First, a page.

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Patrick Collison is a kid in motion. The 19-year-old Irish entrepreneur ran his first marathon in Copenhagen at 16. He’s since switched to long-distance biking, and this summer he’ll ride the entire 460-kilometre length of Ireland in a day. An avid skier, he’s sped down the Austrian Alps—“Fast movements down the hill are all I’m interested in,” he says. And now he’s climbing to the upper peaks of the tech world. In March, Auctomatic, the company he helped found a year ago, accepted a $5-million buyout from Live Current Media, a Vancouver Web-development firm, making Collison and his two partners, plus his younger brother, millionaires.
In April, Collison came to town for a few days to attend meetings and set up his desk before officially starting work in the Vancouver office in June. He first visited Vancouver last spring, and was charmed by the sun rising above snow-capped mountains, the scene framed by gleaming high-rises. He’d board the Aquabus and spend the day at Stamp’s Landing, working to the “gentle tinkle” of False Creek’s sailboat masts. “How can you not fall in love with a place like this?” he asked.
Skinny, with a lightly freckled face and cropped red hair, Collison doesn’t talk much about his finances. Over whiskey and salad, he launched instead into an earnest discussion of national identity. He considers it “pretentious” to call himself an international citizen, but this son of Limerick has already lived in Boston and San Francisco.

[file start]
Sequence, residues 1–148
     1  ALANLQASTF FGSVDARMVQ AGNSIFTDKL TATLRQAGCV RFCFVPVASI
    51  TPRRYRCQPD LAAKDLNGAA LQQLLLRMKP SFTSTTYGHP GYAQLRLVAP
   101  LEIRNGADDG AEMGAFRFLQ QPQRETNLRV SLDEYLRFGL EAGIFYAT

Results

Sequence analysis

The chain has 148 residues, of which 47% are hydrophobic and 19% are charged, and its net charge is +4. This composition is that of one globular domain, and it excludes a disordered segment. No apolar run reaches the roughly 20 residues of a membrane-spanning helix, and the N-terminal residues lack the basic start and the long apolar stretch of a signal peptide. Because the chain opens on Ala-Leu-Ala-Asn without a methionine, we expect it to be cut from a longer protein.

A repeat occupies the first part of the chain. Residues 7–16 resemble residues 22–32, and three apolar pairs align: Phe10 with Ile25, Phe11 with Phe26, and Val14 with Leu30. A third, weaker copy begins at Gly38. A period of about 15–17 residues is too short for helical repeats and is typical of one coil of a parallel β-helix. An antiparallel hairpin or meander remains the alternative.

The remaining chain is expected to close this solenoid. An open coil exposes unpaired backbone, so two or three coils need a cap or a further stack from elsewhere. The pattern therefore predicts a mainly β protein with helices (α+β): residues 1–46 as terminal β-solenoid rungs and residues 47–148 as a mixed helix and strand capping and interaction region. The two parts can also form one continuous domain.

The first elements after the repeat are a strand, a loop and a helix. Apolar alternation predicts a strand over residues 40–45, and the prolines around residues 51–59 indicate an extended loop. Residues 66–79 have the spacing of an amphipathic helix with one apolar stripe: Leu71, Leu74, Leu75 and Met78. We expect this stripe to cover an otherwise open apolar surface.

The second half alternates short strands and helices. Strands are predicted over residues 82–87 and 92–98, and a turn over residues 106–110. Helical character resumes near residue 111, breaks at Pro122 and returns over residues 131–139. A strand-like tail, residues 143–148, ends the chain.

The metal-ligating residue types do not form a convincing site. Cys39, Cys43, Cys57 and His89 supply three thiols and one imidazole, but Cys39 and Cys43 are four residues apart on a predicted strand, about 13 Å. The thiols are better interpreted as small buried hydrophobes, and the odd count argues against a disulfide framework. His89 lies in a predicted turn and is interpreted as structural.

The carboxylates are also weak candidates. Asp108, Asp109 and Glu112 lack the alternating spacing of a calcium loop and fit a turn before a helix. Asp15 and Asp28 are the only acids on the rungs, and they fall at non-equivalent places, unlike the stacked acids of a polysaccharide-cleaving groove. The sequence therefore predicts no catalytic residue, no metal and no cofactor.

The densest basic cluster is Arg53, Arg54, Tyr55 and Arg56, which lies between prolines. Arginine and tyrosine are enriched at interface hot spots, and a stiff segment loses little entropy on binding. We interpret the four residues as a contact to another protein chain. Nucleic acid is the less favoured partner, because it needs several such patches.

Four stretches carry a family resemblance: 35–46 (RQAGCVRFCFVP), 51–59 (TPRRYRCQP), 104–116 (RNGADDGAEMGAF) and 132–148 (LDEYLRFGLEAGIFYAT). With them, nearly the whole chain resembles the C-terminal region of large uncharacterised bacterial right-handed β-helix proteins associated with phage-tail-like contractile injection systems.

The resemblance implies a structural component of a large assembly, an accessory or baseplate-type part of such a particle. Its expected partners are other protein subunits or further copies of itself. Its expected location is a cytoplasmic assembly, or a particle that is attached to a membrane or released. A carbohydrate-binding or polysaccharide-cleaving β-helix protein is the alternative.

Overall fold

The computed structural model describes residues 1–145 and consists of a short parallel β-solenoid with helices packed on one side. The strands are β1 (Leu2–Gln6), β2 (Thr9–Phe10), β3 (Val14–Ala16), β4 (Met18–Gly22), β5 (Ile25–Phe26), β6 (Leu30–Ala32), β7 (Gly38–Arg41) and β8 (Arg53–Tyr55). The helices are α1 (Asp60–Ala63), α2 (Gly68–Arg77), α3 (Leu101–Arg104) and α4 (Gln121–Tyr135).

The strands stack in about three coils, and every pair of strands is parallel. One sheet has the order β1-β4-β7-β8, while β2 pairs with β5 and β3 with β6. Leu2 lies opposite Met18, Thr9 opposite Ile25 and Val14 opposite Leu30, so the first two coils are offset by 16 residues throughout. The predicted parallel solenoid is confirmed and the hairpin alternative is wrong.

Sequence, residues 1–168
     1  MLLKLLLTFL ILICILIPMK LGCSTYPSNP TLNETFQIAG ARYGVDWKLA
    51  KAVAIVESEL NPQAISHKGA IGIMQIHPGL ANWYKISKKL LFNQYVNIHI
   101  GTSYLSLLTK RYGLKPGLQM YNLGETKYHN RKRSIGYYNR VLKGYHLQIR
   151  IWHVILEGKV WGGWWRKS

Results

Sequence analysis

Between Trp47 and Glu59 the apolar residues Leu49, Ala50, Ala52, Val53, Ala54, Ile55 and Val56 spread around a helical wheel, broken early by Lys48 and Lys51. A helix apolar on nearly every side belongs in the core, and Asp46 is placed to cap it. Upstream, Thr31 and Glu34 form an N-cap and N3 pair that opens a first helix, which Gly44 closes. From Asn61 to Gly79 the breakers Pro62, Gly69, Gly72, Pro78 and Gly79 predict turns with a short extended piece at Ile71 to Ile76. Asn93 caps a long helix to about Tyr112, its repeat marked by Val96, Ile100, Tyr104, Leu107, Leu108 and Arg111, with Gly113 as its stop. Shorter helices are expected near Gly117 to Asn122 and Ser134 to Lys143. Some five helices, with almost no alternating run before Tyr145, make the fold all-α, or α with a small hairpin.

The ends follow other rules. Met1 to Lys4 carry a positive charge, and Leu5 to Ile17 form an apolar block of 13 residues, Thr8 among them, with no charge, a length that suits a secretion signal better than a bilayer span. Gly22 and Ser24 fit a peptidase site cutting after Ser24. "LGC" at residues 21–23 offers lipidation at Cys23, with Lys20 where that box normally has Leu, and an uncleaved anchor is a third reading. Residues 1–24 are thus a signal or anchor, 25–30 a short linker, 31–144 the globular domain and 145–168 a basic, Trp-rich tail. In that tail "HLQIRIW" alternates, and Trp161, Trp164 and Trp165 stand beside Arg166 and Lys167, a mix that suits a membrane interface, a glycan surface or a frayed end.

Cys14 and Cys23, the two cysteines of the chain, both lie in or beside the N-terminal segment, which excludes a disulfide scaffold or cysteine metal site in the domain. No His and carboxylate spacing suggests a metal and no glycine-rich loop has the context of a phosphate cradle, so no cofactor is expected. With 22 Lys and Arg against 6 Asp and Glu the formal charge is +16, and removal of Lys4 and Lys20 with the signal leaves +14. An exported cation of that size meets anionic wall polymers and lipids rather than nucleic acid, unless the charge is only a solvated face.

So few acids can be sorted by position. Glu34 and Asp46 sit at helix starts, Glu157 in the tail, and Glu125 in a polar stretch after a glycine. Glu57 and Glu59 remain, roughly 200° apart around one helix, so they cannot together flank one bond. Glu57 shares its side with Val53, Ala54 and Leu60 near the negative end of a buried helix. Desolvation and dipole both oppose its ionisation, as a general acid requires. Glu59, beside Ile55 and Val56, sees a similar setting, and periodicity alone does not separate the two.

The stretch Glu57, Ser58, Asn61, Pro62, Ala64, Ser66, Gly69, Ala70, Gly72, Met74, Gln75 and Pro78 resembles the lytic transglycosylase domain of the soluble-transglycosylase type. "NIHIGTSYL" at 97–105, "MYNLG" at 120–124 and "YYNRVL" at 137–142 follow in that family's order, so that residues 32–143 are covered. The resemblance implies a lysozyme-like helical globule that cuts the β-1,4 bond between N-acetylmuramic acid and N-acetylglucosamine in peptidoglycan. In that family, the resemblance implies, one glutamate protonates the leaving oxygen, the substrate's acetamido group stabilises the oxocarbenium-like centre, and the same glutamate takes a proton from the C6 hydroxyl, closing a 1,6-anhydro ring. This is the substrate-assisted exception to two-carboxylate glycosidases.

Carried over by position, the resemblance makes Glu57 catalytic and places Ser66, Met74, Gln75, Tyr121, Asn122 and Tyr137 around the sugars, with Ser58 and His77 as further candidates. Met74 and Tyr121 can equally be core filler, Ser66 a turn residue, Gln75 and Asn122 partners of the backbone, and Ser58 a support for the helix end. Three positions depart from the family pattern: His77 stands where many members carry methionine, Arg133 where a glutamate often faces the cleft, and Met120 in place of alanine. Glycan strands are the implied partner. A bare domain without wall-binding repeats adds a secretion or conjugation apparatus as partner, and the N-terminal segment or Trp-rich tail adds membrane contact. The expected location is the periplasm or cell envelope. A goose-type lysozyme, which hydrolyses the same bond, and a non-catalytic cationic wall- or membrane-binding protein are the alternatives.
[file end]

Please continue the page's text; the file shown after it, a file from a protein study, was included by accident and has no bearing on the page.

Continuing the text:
If he had his way, citizens would migrate at will around the globe, unrestricted by anachronistic and arbitrary borders. His friends and co-workers bounce between cities, keeping in touch through Twitter and Facebook. “If you ask me now where I live, I wouldn’t know what the answer is,” he said. Like millions of Irish expats before him, Collison is mindful of losing his national identity, and his accent, in this shiny cosmopolitan future; yet he can imagine never returning to live in Ireland, where he had trouble finding venture capital. In many ways, he embodies the way this city sees itself: wealthy, athletic, tech-savvy, and young. He’s also unencumbered by history, at liberty to move in whichever direction he wants.
Collison didn’t start using a computer until he was 10, and didn’t really like programming until he turned 13. But by 2004 he’d created his own programming language, which earned him second prize at the prestigious European Union Contest for Young Scientists. He’s not completely computer-focused, either. On his blog, he moves seamlessly from technical programming instructions to his thoughts on author Philip Pullman and the U.S. presidential race. At 17, he wrote to the Irish Times that famed linguist and activist Noam Chomsky’s “trait of deceit, in a would-be scholarly work, is a disgrace.” Another newspaper would later call him “the most intelligent redhead in Ireland.” He’s concerned about seeming conceited, though; his site’s link to his press clippings is titled “See ‘narcissism.’”